• I think that’s right–I can’t get deep colours without heat and almost no one I have read says they can. Solar dyeing is perfect for some applications, but like everything else, it is only one variable and changing it changes the results.


  4. Sad for the loss of trees. Too many trees are biting the dust. 😦
    But WOW…. the color you reclaimed from it is amazing!
    And the other euc experiments…… sigh, they are sublime.


  5. Delighted that my methods stand up to rigorous testing :))


    • Haha! I am sure you have tested them more rigorously than I ever will. I have been using hayboxing for indigo but not for other dyes… what a fabulous strategy. I continue to be gripped by the experience of trying something as (I understand) someone else describing doing it, and getting a completely different result. Clearly I’ve had a penny drops moment on this particular technique. I couldn’t be more pleased about that! Thanks again.


  6. Not surprised the fence-commentary didn’t last long. I saw it on my way home from getting dinner and laughed (and thought of you, actually – in a completely non-creepy way). Do you know if any new trees are being planted to replace the ones that have gone?


    • I think there were a few people who were cheered up a little by that effort. The Department of Planning, Transport and Infrastructure is required by law to replace the trees they took out. The larger ones they felled will be replaced by three small trees. But these three were taken out by the landowner and I don’t think they are obliged to do anything.


  7. very sad when trees come down. I am not looking forward to the incursions of the fungal disease that is killing a lot of ash trees here – half our local hedgerow trees are ash, it could be devastating, but some experts say that mature trees can cope with it. Oh, hayboxing … hmm, that sounds a great idea .. I have been reading up on indigo and wondering how to keep the vat warm without spending fast amounts on heat … all these pleasures to come. sadly a snail has got at my japanese indigo seedlings and been hoovering them off as they come up – I am left with one tiny plant. As for eucalypts – here in the UK they only seem to give green – or nothing – but of course, I am a rank beginner at identifying them. I have a good friend who is a florist though, so I get her waste. In Spain I get yellowy goldy colours and purples with iron from the local eucalypts. it’s very difficult to tell what species they are, though nitens is one they plant there a lot. there’s one a short walk away with HUGE leaves … perhaps you can help me identify when I’m out there in a week or so?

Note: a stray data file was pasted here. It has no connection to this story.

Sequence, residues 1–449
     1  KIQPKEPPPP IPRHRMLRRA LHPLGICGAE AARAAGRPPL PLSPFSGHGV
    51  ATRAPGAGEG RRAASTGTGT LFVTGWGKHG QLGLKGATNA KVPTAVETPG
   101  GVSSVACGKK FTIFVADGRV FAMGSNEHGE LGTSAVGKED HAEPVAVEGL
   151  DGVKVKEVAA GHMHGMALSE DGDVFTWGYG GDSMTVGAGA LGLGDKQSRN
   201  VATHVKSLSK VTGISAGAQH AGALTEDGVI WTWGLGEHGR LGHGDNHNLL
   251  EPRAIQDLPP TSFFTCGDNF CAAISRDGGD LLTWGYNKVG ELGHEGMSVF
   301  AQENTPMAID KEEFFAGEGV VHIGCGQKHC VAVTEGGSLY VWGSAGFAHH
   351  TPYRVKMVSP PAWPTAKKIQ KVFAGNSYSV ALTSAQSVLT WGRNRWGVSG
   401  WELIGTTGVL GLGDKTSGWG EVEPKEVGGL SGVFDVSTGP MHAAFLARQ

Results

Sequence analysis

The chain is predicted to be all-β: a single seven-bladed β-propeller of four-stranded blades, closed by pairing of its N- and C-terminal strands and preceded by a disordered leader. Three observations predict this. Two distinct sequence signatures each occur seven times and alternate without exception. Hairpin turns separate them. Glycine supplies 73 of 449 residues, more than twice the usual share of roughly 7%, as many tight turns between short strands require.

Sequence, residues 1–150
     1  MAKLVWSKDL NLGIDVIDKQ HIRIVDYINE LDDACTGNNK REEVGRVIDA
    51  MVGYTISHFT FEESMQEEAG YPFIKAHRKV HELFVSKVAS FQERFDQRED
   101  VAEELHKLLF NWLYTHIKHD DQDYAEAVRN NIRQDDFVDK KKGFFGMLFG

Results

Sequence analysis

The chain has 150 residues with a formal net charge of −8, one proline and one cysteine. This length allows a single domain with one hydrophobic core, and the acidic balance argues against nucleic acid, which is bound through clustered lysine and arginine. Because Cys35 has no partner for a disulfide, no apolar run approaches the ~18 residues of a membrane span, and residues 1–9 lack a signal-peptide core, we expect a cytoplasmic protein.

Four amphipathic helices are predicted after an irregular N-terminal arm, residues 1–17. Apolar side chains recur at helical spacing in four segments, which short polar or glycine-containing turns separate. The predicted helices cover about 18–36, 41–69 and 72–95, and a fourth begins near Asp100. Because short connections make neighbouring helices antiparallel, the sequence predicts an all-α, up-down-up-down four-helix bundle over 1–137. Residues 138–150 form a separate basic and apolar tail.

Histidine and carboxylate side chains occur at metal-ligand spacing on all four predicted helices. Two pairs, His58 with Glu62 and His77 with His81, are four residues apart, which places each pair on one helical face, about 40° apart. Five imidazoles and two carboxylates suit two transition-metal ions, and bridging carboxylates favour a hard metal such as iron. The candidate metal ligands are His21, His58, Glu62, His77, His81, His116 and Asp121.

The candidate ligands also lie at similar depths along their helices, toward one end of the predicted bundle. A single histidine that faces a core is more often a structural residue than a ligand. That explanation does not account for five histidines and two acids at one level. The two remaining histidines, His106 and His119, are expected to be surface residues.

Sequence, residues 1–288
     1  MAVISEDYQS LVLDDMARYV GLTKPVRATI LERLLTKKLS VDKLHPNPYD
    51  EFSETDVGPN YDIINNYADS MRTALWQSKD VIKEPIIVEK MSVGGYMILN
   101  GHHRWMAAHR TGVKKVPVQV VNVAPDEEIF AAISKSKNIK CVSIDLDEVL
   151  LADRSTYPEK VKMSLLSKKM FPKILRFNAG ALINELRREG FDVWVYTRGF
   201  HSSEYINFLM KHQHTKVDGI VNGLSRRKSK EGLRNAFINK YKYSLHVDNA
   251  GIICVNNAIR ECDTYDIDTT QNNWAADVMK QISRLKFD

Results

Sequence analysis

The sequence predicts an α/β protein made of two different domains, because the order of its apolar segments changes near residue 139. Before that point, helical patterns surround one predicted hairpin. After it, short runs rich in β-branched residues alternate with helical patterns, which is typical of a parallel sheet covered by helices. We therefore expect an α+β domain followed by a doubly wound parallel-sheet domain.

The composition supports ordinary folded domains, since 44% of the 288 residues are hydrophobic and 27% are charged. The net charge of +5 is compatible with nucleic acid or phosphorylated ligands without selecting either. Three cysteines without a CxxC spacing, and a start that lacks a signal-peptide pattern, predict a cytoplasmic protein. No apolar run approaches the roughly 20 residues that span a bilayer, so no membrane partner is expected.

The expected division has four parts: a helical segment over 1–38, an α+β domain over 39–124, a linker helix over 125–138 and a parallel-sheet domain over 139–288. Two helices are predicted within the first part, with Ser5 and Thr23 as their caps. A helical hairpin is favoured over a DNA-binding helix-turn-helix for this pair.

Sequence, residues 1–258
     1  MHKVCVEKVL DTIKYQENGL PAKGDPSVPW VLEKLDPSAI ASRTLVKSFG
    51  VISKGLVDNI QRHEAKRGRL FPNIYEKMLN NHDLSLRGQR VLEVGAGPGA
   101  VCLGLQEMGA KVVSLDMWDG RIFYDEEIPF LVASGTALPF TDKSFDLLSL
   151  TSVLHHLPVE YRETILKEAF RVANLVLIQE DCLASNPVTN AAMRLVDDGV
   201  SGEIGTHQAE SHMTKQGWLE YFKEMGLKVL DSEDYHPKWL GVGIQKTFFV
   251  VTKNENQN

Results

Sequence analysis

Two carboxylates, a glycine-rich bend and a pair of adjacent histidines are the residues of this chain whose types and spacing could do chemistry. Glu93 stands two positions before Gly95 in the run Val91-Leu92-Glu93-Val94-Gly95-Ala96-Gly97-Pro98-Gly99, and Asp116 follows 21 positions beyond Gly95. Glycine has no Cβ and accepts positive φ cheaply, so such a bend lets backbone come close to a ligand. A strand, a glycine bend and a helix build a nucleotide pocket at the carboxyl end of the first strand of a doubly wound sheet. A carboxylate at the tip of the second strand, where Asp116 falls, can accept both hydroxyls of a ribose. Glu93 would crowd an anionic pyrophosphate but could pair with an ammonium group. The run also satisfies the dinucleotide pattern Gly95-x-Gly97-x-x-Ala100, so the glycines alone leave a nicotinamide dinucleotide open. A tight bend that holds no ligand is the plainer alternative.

• Hayboxing is certainly what I do with indigo. I am happy to help if I can, but I can’t pretend to be much of an expert 🙂 There are hundreds of eucalypts. I have never encountered E Nitens!


  8. seems the three main eucs grown in N europe are globulus, nitens and gunnii, they are all cold hardy – mainly with origins in the Tablelands of New South Wales and Victoria and the Tasmanian highlands, and the majority of those in semiarid temperate (Mediterranean) climates are based on E. camaldulensis. it gets quite cold in Extremadura, but not that cold or wet, so I probably have a choice of them being nitens, globulus or camalulensis, I think gunnii’s leaves are smaller.